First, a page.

U.S. Department of Justice
United States Attorney
District of Minnesota
Connecticut Financial Center
157 Church Street
New Haven, Connecticut 06510
For Immediate Release
Novemeber 18, 2010
B. Todd Jones, United States Attorney
Contact: Jeanne F. Cooney
Director of Community Relations
Another career criminal indicted as part of Project Exile Minneapolis
A 30-year-old felon from Minneapolis was indicted today in federal court in Minneapolis for allegedly possessing a 12-gauge shotgun, a .44 caliber handgun, and ammunition on several occasions earlier this year. The indictment charges Adonis Adolph Dorman with three counts of being an armed career criminal in possession of a firearm and four counts of being an armed career criminal in possession of ammunition. Dorman is the latest defendant charged federally through Project Exile Minneapolis.
Project Exile Minneapolis is a law enforcement initiative, launched on July 22, 2010, as part of a City-wide effort to reduce gun violence. Through Project Exile, the Minneapolis Police Department and the U.S. Bureau of Alcohol, Tobacco, Firearms and Explosives work together to apprehend serial criminals for violations of gun laws. Then, the Hennepin County Attorney’s Office teams up with the U.S. Attorney’s Office to determine where those offenders will most effectively be prosecuted — State or federal court. Those determinations are based on the offenders’ criminal histories and current charges, among other factors.
The indictment in this case alleges that Dorman possessed a 12-gauge shotgun on July 25 and August 6, 2010, as well as a .44 caliber handgun on August 6, 2010. It also alleges that on July 6, 2010, he possessed two rounds of 12-gauge ammunition, and on August 6, he possessed ten rounds of 12-gauge ammunition.
According to a law enforcement affidavit filed in the case, police initially seized ammunition from Dorman during a traffic stop on July 6, 2010. Then, on August 6, the Hennepin County Violent Offender Task Force allegedly seized weapons and additional ammunition while executing a search warrant at his residence. Authorities also contend that Dorman actually threw the .44 caliber handgun out a window when police arrived at his home. Later, officers also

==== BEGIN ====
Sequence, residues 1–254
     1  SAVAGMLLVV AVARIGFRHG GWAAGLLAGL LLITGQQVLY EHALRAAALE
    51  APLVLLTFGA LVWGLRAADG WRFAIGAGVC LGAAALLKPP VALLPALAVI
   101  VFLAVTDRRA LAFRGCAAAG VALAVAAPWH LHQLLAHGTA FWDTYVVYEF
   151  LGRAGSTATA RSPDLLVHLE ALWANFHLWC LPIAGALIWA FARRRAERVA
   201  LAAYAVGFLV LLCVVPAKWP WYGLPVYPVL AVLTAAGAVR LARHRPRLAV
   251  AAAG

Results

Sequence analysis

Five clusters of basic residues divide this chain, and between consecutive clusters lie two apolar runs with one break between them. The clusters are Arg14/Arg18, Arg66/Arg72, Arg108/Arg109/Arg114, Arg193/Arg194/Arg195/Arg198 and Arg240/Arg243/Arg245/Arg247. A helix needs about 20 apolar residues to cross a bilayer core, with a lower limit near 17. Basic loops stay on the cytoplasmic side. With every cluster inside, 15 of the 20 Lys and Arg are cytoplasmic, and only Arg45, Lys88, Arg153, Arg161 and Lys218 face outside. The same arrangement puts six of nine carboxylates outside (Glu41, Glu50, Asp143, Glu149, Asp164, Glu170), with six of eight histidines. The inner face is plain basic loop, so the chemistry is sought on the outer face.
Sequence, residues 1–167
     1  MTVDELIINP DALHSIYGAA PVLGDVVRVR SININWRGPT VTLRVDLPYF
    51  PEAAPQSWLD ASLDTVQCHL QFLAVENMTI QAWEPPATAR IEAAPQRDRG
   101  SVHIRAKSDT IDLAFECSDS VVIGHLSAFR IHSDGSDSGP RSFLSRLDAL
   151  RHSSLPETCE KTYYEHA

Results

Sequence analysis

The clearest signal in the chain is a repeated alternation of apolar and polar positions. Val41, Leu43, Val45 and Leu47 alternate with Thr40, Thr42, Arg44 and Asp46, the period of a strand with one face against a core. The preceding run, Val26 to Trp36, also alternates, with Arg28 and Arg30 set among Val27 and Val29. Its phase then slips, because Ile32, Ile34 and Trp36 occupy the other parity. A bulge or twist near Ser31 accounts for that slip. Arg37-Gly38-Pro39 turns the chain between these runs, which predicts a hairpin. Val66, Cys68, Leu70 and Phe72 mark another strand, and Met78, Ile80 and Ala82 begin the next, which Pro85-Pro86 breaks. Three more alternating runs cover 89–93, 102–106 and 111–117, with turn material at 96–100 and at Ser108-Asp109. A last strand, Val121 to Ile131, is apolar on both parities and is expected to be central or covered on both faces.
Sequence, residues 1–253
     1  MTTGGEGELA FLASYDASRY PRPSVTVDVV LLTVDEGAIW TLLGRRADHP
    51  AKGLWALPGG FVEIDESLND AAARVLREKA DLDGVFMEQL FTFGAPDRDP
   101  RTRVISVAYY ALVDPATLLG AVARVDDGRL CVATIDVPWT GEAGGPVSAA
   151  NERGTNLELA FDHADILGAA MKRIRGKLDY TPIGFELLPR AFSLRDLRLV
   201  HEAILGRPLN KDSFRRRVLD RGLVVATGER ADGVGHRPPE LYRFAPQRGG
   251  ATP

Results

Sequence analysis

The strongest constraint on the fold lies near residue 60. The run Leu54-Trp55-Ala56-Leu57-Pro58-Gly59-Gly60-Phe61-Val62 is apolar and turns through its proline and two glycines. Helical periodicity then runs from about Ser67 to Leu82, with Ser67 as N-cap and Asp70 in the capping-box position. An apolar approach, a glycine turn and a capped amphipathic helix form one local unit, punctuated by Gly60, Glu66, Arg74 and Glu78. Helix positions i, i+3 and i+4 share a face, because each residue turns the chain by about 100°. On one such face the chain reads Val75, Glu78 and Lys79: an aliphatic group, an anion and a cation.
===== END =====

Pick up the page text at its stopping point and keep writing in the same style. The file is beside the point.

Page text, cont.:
allegedly found deleted cell-phone photographs, date-stamped July 25, showing Dorman and United States Department of Justice United States Attorney’s Office District of Minnesota News Release B. Todd Jones, United States Attorney Jeanne F. Cooney Director of Community Relations (612) 664-5611 email: email@example.com another individual each holding 12-gauge shotguns.
Because he is a felon, Dorman is prohibited under federal law from possessing firearms or ammunition at any time. Dorman’s prior convictions include burglary (1999), fourth-degree criminal sexual conduct (2002), fleeing police in a motor vehicle (2002), second-degree sale of a controlled substance (2009), and unauthorized use of a motor vehicle (2009). Since at least three of those offenses were crimes of violence or serious drug crimes, Dorman is now subject to the federal armed career criminal statute, which mandates a 15-year minimum prison sentence for each count presently levied against him, if convicted. The potential maximum sentence is life in prison on each count. All sentences will be determined by a federal district court judge. This case is the result of an investigation by the Hennepin County Violent Offender Task Force, the Minneapolis Police Department, and the U.S. Bureau of Alcohol, Tobacco, Firearms and Explosives Violent Crime Impact Team. It is being prosecuted by Assistant U.S. Attorney Andrew R. Winter.
An indictment is a determination by a grand jury that there is probable cause to believe that offenses have been committed by a defendant. A defendant, of course, is presumed innocent until he or she pleads guilty or is proven guilty at trial.